• That is probably down to your internet routing through a non-local service provider.

        • Monster Munch says:

          Use an ad blocker !

          Nothing beats no ads at all 🙂

        • As per my recent article, HFP is virtually unreadable with Adblock now following their last upgrade.

        • Jimbob says:

          Rob, have you considered a paid for version of HFP? Perhaps for a small premium you could offer users an ad free experience and perhaps a heads up of special offers?
          Would also give users a way to show their appreciation/support for the site.

          Having said that, I don’t find the ads on this site obtrusive

        • What is the point of an ad-free site? All you’d get is weird gaps in the sidebar!

          There are obviously ways of doing it (perhaps giving access to the next days articles by 10pm the previous day) but it would cause logistical issues (they are often not written by 10pm, especially if we are outside the UK in a different time zone) and goes against the spirit of the site.

        • Peter says:

          Adblocker ultimate removes all the ads and leaves the pages layout as it should be. Absolutely no issues with it.

        • Thanks. Still trying to get to the bottom of what browser / blocker combo is causing issues.

    • How do you buy avios as a business to gift? Anyone done it?

  6. Sapiens says:

    This is not too appealing, given the fees.

    The CitiGold FX rates that I have seen are poor. Which is odd given Citi is essentially the 1st / 2nd largest FX dealer in the world.

  7. StewartR says:

    Feels like Nutmeg all over again. My comments from then still stand …. 🙂

    Biggest thing to get here is that your capital (lots of it!) is at risk. This isn’t the same as “buy 6 bottles of wine, that you were going to buy anyway, and get a few Avios thrown in at the side”. If your investment of £150,000 drops just 0.5% … you’ll have wiped out any notional value of avios gained. The markets in 2018 could do that very easily for you!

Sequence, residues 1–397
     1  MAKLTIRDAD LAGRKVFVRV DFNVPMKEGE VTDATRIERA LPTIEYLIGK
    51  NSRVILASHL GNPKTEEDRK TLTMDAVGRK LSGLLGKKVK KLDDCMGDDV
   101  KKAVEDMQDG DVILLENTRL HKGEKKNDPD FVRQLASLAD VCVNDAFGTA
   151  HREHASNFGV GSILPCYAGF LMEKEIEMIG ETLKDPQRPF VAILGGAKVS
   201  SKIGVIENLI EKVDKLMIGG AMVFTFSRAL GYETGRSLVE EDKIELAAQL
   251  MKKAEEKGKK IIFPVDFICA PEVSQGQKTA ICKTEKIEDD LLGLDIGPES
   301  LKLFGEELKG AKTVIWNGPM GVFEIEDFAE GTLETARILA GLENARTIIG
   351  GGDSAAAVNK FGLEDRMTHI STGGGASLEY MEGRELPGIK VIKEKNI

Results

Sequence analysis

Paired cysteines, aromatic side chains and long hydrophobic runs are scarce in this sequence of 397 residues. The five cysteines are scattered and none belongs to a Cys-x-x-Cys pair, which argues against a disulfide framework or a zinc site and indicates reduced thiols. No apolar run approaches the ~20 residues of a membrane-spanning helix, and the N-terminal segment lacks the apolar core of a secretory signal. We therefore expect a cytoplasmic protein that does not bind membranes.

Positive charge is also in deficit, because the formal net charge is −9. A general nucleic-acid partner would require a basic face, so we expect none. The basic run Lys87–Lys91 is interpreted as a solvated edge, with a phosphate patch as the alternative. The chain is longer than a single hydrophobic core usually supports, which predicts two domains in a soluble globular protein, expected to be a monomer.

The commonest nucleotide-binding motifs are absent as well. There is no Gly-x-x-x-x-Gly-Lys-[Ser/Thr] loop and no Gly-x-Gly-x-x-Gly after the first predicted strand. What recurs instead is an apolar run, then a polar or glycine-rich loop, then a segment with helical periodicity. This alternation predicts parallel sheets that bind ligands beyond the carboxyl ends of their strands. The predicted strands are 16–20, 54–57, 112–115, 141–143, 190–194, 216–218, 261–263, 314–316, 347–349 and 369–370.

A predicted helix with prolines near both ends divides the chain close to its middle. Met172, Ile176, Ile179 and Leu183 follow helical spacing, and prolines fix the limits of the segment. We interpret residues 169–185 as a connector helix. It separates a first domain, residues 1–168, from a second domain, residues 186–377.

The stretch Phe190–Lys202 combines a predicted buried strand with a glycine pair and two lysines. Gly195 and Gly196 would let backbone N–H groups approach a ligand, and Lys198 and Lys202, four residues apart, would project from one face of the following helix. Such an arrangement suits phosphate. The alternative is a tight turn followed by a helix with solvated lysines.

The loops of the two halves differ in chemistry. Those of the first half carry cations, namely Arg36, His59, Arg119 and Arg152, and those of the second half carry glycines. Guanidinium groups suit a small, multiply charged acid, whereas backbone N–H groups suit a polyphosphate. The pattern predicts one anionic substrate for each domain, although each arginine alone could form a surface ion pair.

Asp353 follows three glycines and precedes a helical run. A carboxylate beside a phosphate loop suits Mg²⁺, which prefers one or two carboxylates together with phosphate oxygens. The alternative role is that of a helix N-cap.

Just like Nutmeg – these guys don’t care whether your investments blossom or tank. They make their money in their fees. We all know the Avios they are handing out will be acquired for a fraction of the 0.7p we will be valuing them at. At their end it will be a marketing expense and nothing else.

    Bottom line … if you weren’t already mid way through putting your £150,000 with these guys (because you had already evaluated them as the most effective and cost efficient wealth manager to be in bed with) … then you probably don’t want to touch this with a barge pole. (And no … these guys are not the cheapest although in fairness I have no idea about their effectiveness. Their business is not targeted at retail investors with 10’s of thousands to invest.)

    We must not ohhh and ahhh/get sucked in because you see a big 100k avios offer. Go and open a Amex Gold CC and take your 22k Avios from that. This deal is for a very very select few.


    • It’s how capitalism works. You win some, you lose some. If you don’t take any risks with that money, it will get devoured by inflation anyway.

      • StewartR says:

        🙂 I didn’t say don’t invest.

        I said 1) don’t put your money at risk because you’re chasing Avios … and 2) for most retail investors – there are much cheaper platforms to put your money to work on which would result in a better return in the long term. Fees matter – always.

        Need to remember that if these guys are charge you 1% fees annually on £150,000 investment … that means you’ve just lost £1500 every year you’re with them and you loose that whether your investments are up or down. They get paid either way. With that £1500 you could have bought double the avios, in a sale, these guys are giving you on the side.